Picture of orb weaver. (spider), St. Thomas, U.S.  Virgin Islands. (arachnids)
Orb Weaver

Picture of giant crab spider (Olios giganteus).  St. Thomas, U.S. Virgin Islands. (arachnids)
Giant Crab Spider (Olios giganteus)

Giant crab spiders are another large spider
species found in the Virgin Islands.
With their legs spread out, these spiders
can reach widths of over 3 inches.
Giant crab spiders have been known to
live for several years.  When not hunting or
searching for mates, these spiders spend
their time in tightly woven silk sacs.
Like tarantulas, giant crab spiders can
look very fearsome and have large and
formidable fang-like chelicerae which they
use to inject venom into their prey.
However, their bite is not seriously
dangerous to humans.

Relatives of spiders, scorpions are secretive residents of the Virgin Islands.  They are active at night and rarely seen.  Scorpions use the stinger located at the end of the tail to immobilize prey and for self-defense.  Some species do not use the stinger at all and rely on their claw-like pedipalps. Although greatly feared, the sting of most species is about equivalent to a bee sting (still an unpleasant and potentially dangerous experience).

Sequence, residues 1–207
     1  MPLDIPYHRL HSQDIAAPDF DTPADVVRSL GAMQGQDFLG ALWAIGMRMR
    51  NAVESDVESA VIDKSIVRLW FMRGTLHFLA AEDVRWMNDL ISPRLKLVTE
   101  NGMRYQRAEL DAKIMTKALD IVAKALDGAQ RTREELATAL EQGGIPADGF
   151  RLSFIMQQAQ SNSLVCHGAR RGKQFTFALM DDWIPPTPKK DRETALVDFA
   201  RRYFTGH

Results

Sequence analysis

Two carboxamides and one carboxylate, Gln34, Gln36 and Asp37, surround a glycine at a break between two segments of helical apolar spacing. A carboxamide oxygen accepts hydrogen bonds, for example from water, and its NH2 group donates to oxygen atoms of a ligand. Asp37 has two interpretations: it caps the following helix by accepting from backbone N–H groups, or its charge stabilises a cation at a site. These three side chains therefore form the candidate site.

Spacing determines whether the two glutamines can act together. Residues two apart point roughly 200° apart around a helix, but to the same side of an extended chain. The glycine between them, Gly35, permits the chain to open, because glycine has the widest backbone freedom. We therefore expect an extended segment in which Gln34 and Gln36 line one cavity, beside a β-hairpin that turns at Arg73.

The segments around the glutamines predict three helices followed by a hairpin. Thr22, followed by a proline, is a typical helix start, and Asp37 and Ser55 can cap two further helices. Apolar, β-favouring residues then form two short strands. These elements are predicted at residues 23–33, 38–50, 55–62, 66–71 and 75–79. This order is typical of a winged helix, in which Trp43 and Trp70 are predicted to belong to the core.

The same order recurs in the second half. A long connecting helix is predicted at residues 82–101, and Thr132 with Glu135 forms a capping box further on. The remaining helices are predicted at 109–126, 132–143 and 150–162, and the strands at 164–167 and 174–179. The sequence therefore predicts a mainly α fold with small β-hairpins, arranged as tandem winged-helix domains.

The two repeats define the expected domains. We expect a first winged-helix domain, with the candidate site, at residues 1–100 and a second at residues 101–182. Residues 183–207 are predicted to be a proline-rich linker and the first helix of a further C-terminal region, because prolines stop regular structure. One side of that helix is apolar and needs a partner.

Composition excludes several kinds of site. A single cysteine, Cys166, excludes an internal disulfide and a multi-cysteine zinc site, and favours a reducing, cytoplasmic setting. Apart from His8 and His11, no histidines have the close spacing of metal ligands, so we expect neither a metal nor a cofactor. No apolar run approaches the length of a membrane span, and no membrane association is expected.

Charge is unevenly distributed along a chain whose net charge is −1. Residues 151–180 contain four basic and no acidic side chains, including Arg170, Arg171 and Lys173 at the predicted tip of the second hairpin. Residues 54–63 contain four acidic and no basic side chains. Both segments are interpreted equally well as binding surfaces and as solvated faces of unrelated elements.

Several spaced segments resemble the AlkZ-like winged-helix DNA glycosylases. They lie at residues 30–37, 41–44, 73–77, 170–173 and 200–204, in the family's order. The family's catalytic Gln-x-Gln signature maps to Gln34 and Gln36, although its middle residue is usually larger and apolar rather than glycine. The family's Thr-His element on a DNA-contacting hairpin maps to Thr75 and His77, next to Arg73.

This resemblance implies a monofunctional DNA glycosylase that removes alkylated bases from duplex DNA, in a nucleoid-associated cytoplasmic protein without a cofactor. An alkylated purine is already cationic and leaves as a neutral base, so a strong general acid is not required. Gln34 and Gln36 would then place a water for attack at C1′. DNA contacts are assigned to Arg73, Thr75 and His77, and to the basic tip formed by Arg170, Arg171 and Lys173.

Scorpions fluoresce under ultraviolet light, making it easier to locate them by shining a black light into the holes and crevices in which they hide.

Picture of scorpion (Centruroides gracilis).  St. Thomas, U.S. Virgin Islands. (arachnids)
Scorpion (Centruroides gracilis)

   Encounters with whip scorpions are definitely
   memorable experiences.  These large relatives
   of spiders and scorpions are very flat in profile
   and can be over 18 inches across with their legs
   spread.  Despite their foreboding appearance,
   whip scorpions are harmless to humans.
   When disturbed, they often quickly dart into
   crevices using a sideways crab-like motion.  

Picture of whip scorpion (Phyrnus sp.).  St. Thomas, U.S. Virgin Islands. (arachnids)
Tailless Whip Scorpion (Phyrnus sp.)    

Picture of whip scorpion (Phyrnus sp.).  St. Thomas, U.S. Virgin Islands. (arachnids)
Tailless Whip Scorpion

     Active at night,  whip scorpions use their
     long tactile legs and large claw-like pedipalps to
     capture small creatures such as insects,
     millipedes and worms.  Their diet may
     possibly include small frogs and lizards.
     The tactile legs act as antennae, both for
     navigation and in the detection of prey.
     The pedipalps are used to catch and
     immobilize the unfortunate prey.